Summit County plans to renovate property on Little Beaver Trail that will house Summit Stage employees | SummitDaily.com
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Summit County plans to renovate property on Little Beaver Trail that will house Summit Stage employees

The property was purchased for $1.325 million

In August, Summit County closed on its purchase of 780 Little Beaver Trail, pictured here Friday, which it bought for $1.325 million. The property will undergo renovations, and once completed, it'll house Summit Stage employees.
Jenna deJong/Summit Daily News

Summit County is currently looking for a vendor to renovate its newly purchased property at 780 Little Beaver Trail. The complex was bought in August, and once the renovation is complete, it could have up to 10 bedrooms.

Summit County Housing Director Jason Dietz said the property first came on his radar a couple of years ago, when the county was working on developing Dillon Valley Vistas.

“I drove by (780 Little Beaver Trail) every day,” Dietz said. “(The sellers) had put it on the market sometime in the fall of 2020, so I had seen it sitting there and thought it could potentially be a good buy down for workforce housing.”



Dietz is referring to the Buy-Down Program, where the county purchases a piece of property, which then gets a deed restriction placed on it, therefore limiting occupants to members of the local workforce. At the time, the Summit Stage was having difficulty attracting and retaining staff, so after months of meetings, it was decided that the project would be set aside for employees in that department.

The property is two adjoined buildings that have four units, which range in how many bedrooms they have. All but one unit was livable: Dietz said the bottom unit needed to be brought up to code — and Summit Stage Transit Director Chris Lubbers said three of his employees are living at the property now.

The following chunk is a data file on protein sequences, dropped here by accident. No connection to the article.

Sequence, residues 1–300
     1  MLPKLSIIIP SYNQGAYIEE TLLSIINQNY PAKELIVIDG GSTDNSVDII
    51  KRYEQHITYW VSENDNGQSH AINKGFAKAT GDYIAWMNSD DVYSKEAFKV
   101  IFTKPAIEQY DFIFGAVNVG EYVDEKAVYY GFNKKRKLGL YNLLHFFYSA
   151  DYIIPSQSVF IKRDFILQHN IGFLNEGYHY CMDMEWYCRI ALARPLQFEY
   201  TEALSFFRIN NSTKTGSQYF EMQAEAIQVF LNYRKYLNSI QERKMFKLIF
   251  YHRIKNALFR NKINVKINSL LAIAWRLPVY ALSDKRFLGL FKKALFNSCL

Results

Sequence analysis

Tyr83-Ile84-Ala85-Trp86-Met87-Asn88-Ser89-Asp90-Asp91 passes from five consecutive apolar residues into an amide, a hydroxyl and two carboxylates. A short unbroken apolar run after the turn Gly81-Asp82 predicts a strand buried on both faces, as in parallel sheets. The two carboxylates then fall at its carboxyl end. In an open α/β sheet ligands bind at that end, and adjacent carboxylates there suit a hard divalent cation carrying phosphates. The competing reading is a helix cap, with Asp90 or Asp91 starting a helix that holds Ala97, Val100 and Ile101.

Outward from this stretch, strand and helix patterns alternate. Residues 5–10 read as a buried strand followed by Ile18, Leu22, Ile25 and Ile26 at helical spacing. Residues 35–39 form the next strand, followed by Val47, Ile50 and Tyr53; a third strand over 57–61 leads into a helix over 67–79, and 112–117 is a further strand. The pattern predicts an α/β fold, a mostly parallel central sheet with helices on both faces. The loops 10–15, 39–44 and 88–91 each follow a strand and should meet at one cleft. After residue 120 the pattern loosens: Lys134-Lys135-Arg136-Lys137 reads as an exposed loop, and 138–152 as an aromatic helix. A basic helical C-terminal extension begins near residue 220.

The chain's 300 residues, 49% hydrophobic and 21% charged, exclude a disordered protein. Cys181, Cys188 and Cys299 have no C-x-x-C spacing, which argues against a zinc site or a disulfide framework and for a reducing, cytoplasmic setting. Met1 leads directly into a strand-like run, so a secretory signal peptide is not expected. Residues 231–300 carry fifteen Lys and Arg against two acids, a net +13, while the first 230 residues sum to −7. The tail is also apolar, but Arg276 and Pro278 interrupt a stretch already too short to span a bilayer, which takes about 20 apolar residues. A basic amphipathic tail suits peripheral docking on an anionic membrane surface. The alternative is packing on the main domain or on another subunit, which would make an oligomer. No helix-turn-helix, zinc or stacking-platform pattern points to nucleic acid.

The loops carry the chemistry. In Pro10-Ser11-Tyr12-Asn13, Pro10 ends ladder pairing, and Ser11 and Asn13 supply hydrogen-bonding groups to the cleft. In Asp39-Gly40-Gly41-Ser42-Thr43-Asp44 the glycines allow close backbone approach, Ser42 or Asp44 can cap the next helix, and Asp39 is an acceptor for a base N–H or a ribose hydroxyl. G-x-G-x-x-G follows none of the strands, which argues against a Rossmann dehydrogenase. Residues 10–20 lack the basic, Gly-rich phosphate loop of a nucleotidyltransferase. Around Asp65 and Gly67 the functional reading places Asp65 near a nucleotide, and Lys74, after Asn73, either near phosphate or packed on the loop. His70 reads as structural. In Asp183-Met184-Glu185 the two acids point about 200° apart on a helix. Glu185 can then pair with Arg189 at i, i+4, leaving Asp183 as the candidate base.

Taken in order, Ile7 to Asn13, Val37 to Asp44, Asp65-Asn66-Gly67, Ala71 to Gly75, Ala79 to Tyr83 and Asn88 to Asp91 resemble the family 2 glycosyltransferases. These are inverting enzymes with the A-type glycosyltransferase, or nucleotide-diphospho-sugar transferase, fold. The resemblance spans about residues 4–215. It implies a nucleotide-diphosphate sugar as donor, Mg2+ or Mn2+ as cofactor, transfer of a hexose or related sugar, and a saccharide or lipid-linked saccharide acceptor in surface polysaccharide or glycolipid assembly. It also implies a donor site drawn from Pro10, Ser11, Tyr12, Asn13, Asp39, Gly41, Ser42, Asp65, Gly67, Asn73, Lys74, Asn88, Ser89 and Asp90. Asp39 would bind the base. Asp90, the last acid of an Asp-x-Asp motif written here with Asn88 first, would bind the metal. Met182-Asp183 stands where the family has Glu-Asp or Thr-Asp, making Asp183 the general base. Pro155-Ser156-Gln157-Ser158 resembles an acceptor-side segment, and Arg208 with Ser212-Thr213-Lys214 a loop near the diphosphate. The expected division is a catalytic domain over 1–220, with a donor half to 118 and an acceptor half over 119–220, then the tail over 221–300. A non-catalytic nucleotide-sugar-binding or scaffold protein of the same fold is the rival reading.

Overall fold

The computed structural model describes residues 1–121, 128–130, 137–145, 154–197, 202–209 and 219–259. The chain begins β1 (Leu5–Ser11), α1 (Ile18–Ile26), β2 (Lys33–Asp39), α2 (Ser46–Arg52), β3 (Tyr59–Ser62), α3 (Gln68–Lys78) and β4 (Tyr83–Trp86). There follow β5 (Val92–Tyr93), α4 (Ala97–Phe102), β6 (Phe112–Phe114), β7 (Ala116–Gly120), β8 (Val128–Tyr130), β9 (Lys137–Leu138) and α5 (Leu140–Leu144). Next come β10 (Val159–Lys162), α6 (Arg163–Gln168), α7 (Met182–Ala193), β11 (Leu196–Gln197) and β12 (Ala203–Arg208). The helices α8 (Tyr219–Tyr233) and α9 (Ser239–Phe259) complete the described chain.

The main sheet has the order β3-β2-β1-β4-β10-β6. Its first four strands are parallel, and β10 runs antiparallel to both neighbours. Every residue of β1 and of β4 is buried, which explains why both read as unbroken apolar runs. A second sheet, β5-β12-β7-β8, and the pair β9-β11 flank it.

In total, there are about eight bedrooms in the entire property, but once the renovation is complete, the goal is to have a total of 10 bedrooms available to Summit Stage employees. Not only is the goal to make the floor plan more efficient and the living quarters more comfortable, but the team also wants to tweak the kind of energy it uses, too.

“First and foremost, (there needs to be) better use of energy through either an all-electric design or an electric combined with solar (design),” Lubbers said. “I think we’ll have better use of the energy going through the building, which is currently on propane and electric.”

The county is looking for a vendor to make these changes, and since it’s waiting on a proposal, it doesn’t yet have an estimate for how much the renovation could cost. Regardless, the project is getting funded through the transit department’s budget and will not take funding away from the county’s 5A workforce housing budget.

“We don’t use workforce funds to create employee housing for the county,” Dietz said. “That’s a separate bucket. Any of our housing funds, our 5A funds, we use that to create workforce housing that’s available to everyone.”

Lubbers said that it’s likely the employees living at the property will get to remain there as renovation work is completed. The soonest this would be wrapped up is early fall.

Regardless of when it’s finished, he said the project will have a dramatic impact on his department. At the beginning of the Summit Stage’s winter route schedule, the department had to cut back its services because it was struggling to find enough drivers.

“Through this project, we’ll be able to attract quality talent for the transit service,” Lubbers said. “Through all of our other offerings — total rewards, wage, bonuses, etc. — we really need the housing. The housing is a huge part of that offering and a huge part of making us an attractive employer, so we can attract that talent.”

According to the project’s bid posting, this property will be available to new, existing and long-term employees of Summit Stage.


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